- A trial at the University of Maryland Medical Centre in Baltimore puts patients with death-causing injuries into suspended animation.
- The technique works by cooling the body and the brain.
- This gives surgeons more times to help the patients survive.
For the first time ever, a trial in the United States succeeded in placing humans in suspended animation. The approach involves cooling people with catastrophic injuries to allow for additional time to save their lives.
The technique, called emergency preservation and resuscitation (EPR), is being applied at the University of Maryland Medical Centre in Baltimore to patients who arrive in cardiac arrest from an acute trauma like a gunshot or stab wound. In these situations there are just minutes left to operate, with little chance of survival, as the heart of the patient is likely not beating and they lost over a half of their blood, reports New Scientist.
EPR works by quickly cooling a person in such a condition to somewhere between 10 to 15°C (from the normal body temp of 37 degrees). Their blood is also changed out completely to ice-cold saline. As their brain activity discontinues, they are unplugged from the system that’s been cooling them and moved into surgery.
Doctors have 2 hours to work on the injuries before a person in this state of suspended animation is warmed up, with their heart restarted.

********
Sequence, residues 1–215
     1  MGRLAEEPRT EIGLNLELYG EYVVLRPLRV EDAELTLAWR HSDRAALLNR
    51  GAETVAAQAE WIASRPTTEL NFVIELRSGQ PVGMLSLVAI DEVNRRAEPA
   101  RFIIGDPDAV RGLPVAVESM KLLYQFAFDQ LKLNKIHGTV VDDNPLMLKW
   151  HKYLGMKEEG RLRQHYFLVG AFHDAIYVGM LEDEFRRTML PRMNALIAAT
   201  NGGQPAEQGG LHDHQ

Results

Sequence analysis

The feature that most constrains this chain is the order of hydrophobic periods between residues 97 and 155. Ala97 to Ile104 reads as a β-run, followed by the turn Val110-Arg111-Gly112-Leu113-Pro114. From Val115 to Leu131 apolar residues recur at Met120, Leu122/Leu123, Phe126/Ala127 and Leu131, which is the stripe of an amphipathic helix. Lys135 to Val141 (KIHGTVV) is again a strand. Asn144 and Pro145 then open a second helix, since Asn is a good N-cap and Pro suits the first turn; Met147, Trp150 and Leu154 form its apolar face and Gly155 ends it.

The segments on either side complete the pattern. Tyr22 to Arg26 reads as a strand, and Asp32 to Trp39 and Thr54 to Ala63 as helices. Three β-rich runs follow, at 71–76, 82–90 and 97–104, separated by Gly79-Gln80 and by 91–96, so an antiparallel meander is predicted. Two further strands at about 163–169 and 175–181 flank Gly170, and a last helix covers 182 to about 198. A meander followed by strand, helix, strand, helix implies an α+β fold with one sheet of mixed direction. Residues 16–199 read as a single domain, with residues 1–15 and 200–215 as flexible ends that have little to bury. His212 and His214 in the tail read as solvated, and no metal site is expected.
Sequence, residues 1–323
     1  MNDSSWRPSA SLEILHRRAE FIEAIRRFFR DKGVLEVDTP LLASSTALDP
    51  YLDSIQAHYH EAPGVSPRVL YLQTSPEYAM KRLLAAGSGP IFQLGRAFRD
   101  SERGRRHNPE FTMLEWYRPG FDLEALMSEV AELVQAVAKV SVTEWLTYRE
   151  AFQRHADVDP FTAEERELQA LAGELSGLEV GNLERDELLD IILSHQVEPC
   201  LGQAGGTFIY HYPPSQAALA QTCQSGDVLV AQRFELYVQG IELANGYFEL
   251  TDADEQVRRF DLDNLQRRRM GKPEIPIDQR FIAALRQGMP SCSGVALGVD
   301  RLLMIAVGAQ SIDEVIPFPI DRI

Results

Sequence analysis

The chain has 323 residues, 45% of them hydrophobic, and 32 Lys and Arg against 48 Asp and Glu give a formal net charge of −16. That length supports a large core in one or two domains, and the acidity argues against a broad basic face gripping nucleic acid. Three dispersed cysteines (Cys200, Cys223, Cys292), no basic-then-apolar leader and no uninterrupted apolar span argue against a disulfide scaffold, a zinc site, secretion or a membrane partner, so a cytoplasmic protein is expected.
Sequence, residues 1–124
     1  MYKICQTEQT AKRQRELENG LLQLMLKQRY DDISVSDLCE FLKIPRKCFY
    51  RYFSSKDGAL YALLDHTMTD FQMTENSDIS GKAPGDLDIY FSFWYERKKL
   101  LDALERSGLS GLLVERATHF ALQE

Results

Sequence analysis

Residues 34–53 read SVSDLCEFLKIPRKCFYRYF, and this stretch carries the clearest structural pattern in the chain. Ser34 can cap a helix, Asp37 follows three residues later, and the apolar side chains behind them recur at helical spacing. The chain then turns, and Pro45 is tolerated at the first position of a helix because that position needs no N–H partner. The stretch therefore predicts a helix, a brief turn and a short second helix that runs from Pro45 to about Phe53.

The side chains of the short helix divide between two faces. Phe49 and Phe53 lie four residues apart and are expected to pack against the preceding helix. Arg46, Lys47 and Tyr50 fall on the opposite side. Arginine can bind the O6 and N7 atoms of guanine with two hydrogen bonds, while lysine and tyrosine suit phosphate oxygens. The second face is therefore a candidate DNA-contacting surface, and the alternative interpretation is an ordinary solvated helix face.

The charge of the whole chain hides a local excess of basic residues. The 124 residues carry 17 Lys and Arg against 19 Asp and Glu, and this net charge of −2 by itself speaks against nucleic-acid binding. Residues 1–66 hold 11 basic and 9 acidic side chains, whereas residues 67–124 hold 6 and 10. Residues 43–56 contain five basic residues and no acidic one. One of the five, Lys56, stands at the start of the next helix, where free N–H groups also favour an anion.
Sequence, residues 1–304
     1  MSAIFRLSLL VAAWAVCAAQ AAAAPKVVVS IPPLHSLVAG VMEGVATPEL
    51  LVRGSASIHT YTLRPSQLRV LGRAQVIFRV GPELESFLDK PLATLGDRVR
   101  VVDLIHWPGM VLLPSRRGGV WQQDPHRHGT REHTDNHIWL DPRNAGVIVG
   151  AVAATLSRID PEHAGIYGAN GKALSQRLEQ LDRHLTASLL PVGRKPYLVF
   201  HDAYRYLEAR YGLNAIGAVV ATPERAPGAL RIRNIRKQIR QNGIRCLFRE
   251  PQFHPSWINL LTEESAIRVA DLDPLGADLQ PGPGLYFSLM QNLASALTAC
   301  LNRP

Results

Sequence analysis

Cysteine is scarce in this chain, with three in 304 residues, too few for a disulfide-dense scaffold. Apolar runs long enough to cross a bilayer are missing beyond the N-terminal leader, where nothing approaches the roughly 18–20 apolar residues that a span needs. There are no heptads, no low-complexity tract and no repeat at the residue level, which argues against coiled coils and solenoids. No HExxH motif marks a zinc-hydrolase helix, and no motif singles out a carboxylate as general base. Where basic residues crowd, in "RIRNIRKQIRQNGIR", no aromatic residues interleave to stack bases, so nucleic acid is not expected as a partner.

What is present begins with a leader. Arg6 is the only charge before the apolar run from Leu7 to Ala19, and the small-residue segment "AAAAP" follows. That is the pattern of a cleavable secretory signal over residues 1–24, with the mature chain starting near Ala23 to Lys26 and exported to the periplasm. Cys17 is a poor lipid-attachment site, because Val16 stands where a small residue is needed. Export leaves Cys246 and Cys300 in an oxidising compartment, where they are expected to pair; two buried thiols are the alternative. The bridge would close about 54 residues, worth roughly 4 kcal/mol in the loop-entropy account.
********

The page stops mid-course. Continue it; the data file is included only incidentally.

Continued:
Why does this work?
Without blood carrying oxygen to the cells in our body, the brain would only be alive for 5 minutes before major damage. Cooling the body and brain’s temperatures brings all cell chemical reactions to a near-stop, requiring less oxygen.
Samuel Tisherman from the University of Maryland School of Medicine, who led the research, told New Scientist that his team managed to put at least one patient in suspended animation. He called the accomplishment “a little surreal”.
While putting people in suspended animation is also the staple of faraway space travel proposals, Tisherman cautions that their focus currently lies on saving people while on Earth.
“I want to make clear that we’re not trying to send people off to Saturn,” he said. “We’re trying to buy ourselves more time to save lives.”
Check out the recent symposium at the New York Academy of Sciences where Tisherman described his research.
“We’re trying to thread that fine line between doing something to someone that’s going to do well anyway, or doing something to somebody that’s going to die no matter what we do,” Tisherman told the Academy.
Full results of the trial are expected to be announced by the end of 2020.